The stories are safely unoriginal: hearts are helicoptered in for transplant with seconds to spare; stepmothers fight with stepchildren round pater's deathbed; a patient's boyfriend has an affair. The only storyline that surprises concerns a ward clerk who forms a unilateral relationship with a coma victim and is caught kissing her forehead. Yet if the series dared to aim above mediocrity, its premise allows it to follow the vicissitudes of each patient's recovery and trespass beyond neat, weekly plot resolution.

The writers could take a look at ITV's Trauma Team (Mondays, 8pm), which films the trauma service at the John Radcliffe in Oxford. It is just another docu-soap but it is producing a haunting narrative in the case of Nigel Wesson, an animal keeper from Chipperfield's whose left arm was chewed off by a tiger. Initially, surrounded by newspaper cheque books (a paramedic unhelpfully tells the reporter from the Mail that he cannot confirm Wesson's arm went down the tiger's throat; it was simply "not available"), he is quite up for (forgive me) lionisation as the bravest man in Britain. This Monday, however, we witnessed the agony of his subsequent stay in hospital and his desperate cries for pain-killers, a depiction of prolonged physical distress to rival the ear scene in Reservoir Dogs.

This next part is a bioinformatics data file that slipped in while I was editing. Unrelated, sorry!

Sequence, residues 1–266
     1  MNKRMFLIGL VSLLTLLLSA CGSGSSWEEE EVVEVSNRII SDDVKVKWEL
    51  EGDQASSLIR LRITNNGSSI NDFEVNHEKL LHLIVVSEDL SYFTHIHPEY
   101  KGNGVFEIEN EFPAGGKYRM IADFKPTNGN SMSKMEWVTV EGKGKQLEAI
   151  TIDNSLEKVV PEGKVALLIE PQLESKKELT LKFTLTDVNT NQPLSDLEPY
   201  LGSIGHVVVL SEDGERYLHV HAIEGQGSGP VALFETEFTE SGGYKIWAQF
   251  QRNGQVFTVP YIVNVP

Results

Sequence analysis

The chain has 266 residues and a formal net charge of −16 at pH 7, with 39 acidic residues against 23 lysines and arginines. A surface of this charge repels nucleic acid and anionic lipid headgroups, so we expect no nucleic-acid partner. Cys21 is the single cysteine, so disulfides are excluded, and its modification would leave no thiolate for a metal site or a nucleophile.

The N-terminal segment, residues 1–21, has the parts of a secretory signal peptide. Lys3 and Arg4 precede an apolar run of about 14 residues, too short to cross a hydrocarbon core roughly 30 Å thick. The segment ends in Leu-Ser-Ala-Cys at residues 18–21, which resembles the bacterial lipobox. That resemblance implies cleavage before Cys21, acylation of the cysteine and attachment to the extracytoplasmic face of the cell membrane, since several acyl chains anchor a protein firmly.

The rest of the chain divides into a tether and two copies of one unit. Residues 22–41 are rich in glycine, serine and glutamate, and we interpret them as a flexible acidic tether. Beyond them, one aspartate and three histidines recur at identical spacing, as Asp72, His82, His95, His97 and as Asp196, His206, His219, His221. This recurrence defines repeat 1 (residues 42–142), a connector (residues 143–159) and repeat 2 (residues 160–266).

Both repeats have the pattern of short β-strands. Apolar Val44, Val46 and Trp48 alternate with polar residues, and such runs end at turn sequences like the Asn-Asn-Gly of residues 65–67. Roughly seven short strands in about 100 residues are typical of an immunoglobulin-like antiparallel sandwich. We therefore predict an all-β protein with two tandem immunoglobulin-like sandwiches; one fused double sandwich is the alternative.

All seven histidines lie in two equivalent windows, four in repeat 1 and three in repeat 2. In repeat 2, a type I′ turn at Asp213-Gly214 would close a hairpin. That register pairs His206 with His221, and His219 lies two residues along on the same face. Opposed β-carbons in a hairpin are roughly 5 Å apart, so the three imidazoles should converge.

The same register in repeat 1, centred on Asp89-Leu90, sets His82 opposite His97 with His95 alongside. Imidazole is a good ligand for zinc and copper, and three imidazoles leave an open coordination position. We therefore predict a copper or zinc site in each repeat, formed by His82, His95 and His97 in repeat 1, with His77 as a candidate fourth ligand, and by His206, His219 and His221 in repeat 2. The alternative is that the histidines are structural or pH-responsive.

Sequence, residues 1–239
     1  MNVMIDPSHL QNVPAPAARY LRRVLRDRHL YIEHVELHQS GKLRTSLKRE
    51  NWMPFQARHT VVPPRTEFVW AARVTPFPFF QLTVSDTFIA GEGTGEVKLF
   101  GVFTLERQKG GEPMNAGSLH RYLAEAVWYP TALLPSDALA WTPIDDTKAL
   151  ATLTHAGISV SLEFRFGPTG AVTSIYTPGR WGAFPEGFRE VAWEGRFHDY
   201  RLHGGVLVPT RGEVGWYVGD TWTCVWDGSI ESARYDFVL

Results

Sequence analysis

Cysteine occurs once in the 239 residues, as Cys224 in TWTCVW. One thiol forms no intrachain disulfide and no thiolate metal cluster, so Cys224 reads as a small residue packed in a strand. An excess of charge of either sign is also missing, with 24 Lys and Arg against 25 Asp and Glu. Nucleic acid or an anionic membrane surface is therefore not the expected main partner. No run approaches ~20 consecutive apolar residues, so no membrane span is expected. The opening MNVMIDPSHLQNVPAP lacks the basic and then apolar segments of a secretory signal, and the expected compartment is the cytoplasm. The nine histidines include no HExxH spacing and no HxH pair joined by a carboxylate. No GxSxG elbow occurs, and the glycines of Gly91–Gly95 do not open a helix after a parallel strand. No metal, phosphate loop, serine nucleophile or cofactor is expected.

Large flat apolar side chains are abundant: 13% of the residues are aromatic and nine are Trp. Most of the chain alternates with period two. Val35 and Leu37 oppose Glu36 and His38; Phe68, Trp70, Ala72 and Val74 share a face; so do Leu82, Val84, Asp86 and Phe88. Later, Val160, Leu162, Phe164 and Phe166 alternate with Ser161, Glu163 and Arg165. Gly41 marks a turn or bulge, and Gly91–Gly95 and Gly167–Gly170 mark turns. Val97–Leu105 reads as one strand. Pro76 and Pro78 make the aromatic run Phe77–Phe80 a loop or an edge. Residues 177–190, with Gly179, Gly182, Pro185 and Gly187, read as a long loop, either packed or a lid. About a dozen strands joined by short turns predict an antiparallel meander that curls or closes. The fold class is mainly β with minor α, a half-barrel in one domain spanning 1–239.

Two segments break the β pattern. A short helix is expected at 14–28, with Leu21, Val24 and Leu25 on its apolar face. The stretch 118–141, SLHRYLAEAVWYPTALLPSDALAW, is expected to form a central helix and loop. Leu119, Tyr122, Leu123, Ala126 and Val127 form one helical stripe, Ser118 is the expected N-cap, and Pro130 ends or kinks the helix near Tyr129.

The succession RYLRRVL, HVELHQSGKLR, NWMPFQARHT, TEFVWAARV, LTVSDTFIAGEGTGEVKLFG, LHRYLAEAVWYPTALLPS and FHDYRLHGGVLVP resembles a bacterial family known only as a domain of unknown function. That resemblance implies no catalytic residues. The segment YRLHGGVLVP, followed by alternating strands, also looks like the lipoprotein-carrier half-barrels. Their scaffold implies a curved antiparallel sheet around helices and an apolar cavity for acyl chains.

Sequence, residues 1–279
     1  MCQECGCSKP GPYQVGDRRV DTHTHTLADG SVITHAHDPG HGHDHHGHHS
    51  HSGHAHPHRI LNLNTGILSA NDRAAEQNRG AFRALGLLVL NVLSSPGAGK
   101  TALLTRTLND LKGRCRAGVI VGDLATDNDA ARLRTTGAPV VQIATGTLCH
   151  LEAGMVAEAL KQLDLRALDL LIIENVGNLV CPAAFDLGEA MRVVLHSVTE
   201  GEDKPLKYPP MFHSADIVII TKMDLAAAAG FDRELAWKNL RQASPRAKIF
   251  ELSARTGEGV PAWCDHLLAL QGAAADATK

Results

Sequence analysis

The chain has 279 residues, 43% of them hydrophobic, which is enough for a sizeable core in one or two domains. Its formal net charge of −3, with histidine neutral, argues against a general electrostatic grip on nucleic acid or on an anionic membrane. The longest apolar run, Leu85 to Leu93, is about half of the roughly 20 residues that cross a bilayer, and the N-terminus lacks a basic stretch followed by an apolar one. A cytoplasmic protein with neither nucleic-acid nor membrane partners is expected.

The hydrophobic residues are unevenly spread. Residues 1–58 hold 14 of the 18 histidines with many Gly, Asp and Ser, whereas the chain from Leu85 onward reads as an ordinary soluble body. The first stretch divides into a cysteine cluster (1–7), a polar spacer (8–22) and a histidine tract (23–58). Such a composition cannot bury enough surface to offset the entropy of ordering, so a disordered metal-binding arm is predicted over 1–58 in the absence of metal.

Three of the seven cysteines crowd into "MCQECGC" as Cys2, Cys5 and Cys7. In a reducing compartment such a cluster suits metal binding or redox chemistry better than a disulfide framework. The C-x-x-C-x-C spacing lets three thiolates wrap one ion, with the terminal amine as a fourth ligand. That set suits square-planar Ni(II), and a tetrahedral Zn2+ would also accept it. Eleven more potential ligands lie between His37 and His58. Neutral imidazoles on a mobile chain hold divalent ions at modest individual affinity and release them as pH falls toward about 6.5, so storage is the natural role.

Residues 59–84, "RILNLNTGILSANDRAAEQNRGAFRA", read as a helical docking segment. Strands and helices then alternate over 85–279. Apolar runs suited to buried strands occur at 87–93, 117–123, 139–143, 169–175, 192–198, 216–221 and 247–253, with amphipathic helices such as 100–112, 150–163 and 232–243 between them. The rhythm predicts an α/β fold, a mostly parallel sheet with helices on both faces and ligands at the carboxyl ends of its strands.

It is the opposite of paradoxical to observe that the staff and surgeons seem more real in Trauma Team than they do in Holby City, but they still aren't as real as those in ER, which returns to Channel 4 next week but which I have been enjoying impatiently on Sky One. It is not a matter of stories. Both HC and ER are exploiting the new convention that medics are fallible deities (watch out for ER's deeply incompetent new recruit Lucy Knight). Both emphasise that hospital staff spend as much time fretting over office politics as medicine. The difference is in the execution, production values in the broadest sense.

Holby City's corridors are over-lit and underpopulated. Cook County General's are crowded and emit the phosphorescence of ill health. Holby City meanders; ER's scenes make brisk narrative points and jokes about character. The dialogue is daringly verbal: the other week a whole plot rested on whether "acting" was a better qualifying adjective to "chief of staff " than "interim". And the actors! While Holby City cynically casts viewer-friendly mediocrities from prime time, ER struggles to keep George Clooney and Noah Wyle from all-out careers as Hollywood stars. The only soap actor in view is a rubber-faced guy experiencing problems with his waterworks, Ken Kercheval, aka Cliff Barnes from Dallas. When ER recruits from soap, it chooses Imperial Leather.